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Kids, parents, teachers & politics: It’s vital to understand our young

The writer is a veteran school educator based in Kolkata
Published : Feb 13, 2020, 5:46 am IST
Updated : Feb 13, 2020, 5:46 am IST

No wonder, parents heave a sigh of relief when the long summer vacation finally comes to an end.

We did not allow them to enact any kind of political skit or have any kind of political debate on Republic Day.
 We did not allow them to enact any kind of political skit or have any kind of political debate on Republic Day.

I have often wondered why so many children are manageable in school but are said to drive their parents up the wall and round the bend. While a single teacher can keep a class of 30 or 40 energetic pupils reasonably disciplined, parents claim that they go crazy trying to deal with a single child at home. No wonder, parents heave a sigh of relief when the long summer vacation finally comes to an end.

Helpless parents and their equally helpless children often turn to teachers for advice because not all problems are meant to be resolved through psychological counselling. They need wisdom and patient handling. The other day I received a call from a parent, who happens to be a very senior police officer. He asked me to find out why his six-year-old daughter has such terrible anger issues. “Madam, she gets so angry that she trembles with rage,” he complained. He sounded puzzled, frustrated and helpless. I promised to look into the matter. My investigations revealed that the little girl in question was extremely bright, well-behaved in school and very good at her work. Her teachers had no complaints whatsoever.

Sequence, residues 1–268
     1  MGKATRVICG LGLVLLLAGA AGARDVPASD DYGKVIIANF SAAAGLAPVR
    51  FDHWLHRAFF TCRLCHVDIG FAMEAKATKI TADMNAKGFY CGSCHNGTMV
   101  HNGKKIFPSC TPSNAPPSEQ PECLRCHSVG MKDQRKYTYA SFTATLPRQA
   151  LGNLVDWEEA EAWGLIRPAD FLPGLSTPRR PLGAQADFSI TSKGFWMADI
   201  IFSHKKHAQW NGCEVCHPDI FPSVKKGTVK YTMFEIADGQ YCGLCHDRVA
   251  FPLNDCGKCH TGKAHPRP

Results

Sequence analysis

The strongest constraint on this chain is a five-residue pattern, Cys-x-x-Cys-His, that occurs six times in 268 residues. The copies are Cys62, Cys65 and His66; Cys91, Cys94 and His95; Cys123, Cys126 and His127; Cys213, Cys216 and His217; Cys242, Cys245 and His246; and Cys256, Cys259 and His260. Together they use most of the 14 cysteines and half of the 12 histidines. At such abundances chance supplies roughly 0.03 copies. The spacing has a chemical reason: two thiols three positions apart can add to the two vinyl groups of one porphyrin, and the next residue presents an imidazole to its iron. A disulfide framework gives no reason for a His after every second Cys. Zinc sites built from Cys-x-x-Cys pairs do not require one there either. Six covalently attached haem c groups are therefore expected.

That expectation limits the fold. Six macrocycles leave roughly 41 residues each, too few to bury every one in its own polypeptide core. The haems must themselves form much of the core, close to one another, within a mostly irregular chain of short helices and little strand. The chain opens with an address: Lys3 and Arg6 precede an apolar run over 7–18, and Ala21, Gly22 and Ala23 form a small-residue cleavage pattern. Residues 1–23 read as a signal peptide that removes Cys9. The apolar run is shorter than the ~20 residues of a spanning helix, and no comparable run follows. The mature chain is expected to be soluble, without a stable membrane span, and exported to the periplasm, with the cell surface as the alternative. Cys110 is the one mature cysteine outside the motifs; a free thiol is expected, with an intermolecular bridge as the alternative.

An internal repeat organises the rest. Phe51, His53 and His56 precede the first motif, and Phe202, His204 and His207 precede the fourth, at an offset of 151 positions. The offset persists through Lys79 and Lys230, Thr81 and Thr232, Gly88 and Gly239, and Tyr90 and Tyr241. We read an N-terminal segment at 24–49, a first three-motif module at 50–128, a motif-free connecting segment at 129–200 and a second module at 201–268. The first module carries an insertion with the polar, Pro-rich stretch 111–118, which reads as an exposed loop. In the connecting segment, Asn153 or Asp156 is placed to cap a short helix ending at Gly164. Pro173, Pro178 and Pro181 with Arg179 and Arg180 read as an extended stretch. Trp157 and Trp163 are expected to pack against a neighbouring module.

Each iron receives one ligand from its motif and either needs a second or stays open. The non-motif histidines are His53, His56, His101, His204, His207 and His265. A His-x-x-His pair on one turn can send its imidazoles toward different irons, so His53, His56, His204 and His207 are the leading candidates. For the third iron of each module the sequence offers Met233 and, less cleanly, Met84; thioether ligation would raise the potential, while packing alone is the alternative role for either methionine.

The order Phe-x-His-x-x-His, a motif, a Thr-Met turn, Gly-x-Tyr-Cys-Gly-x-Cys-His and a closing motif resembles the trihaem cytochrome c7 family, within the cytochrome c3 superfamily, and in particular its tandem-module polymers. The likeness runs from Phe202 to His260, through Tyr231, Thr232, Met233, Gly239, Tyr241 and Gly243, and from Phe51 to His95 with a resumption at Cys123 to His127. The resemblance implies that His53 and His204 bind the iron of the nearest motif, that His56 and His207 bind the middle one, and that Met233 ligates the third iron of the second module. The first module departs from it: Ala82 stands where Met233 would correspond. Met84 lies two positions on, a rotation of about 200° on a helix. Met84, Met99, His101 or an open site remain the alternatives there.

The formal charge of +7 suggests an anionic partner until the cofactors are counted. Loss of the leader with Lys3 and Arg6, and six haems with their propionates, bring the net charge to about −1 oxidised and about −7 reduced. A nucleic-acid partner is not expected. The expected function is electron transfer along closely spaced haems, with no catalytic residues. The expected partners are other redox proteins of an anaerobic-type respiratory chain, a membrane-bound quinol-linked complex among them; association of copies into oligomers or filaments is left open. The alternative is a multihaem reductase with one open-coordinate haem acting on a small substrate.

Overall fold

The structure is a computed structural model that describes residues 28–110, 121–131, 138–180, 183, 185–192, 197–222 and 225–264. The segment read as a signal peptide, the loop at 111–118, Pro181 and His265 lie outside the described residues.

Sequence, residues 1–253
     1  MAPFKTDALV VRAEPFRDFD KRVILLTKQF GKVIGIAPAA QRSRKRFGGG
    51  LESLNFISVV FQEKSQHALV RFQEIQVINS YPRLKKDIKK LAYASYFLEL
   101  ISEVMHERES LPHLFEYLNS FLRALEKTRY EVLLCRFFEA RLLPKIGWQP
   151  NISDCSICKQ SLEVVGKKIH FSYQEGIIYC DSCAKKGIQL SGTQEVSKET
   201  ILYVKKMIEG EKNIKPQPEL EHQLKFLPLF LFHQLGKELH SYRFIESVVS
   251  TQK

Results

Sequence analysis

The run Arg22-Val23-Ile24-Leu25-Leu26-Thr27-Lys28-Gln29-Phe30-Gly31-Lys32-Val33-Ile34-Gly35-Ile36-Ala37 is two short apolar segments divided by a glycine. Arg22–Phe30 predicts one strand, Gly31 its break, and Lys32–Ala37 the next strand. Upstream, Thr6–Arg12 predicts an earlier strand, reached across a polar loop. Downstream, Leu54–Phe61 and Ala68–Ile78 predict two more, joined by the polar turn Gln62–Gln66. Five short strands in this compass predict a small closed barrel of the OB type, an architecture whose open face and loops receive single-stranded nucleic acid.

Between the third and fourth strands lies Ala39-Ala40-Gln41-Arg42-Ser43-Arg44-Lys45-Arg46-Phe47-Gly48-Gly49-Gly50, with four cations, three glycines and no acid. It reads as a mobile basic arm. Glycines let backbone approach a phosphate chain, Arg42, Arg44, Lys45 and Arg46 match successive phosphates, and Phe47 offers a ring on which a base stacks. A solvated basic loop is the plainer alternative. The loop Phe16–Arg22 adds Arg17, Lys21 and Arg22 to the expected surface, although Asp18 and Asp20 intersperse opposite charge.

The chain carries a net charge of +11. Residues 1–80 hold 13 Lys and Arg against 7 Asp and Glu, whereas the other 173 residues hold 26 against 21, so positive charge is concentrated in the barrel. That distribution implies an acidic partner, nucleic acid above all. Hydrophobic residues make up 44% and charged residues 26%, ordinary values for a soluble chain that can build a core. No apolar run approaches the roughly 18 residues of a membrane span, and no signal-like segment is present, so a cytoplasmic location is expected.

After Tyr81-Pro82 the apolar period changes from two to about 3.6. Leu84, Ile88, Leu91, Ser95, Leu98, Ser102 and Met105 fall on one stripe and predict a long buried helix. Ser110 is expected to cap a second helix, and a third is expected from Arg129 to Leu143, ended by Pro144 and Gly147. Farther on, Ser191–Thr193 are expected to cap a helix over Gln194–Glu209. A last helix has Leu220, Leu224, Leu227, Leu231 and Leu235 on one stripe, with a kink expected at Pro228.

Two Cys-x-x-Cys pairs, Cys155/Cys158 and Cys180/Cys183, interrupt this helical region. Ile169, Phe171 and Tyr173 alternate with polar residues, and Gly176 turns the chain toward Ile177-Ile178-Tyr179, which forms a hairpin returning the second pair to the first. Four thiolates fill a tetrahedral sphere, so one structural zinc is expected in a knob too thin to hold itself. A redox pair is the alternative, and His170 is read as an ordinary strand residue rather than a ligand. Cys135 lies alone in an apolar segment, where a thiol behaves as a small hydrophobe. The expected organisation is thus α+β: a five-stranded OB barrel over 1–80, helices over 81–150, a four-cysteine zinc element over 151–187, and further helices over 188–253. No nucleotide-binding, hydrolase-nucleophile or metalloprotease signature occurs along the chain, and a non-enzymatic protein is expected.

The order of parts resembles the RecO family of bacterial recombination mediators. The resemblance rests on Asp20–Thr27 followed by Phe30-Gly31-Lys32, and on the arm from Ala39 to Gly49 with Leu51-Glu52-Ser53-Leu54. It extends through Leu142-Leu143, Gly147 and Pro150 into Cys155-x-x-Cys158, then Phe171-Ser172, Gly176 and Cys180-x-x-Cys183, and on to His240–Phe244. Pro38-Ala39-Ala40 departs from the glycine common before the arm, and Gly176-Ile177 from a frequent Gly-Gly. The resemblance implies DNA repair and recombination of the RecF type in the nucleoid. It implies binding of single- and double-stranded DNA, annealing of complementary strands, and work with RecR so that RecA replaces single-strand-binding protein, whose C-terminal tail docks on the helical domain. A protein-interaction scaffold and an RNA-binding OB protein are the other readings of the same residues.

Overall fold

Equipped with this information I met the mother and daughter and came to the conclusion that the adults at home didn’t quite understand the child. She was simply lonely and bored at home. Her nanny seemed to be a thorn in her flesh and clearly lacked the wherewithal to handle such a bright little child, who had excellent powers of expression and communication herself. No wonder, I thought to myself, that there is such a burgeoning demand for crèches in our cities where increasingly, both parents in nuclear families go out to work.

Another trend that I have noticed over some years is that of little children being enrolled in all kinds of after-school classes and coaching sessions. These range from music and dance, languages, art and craft and Gita classes to horse riding, swimming, tennis and karate coaching. I used to wonder why such small children were subjected to such a demanding daily schedule. I realise now, that apart from the usual pressure to follow the current vogue, it was also to keep their children stimulated and fruitfully occupied under supervision while their parents were busy. Parents believe that their children would be in a safe environment and would at least be kept out of mischief. “Home” these days was likely to be an apartment, and it was unsafe for a child to go visiting other homes on their own to seek company or distraction. The demand, therefore, for efficient and educated “nannies” and “governesses” is also rising. Agencies study the needs of each couple — or single parent — and find suitable caregivers who command very high salaries that are commensurate with their skills, qualifications and experience.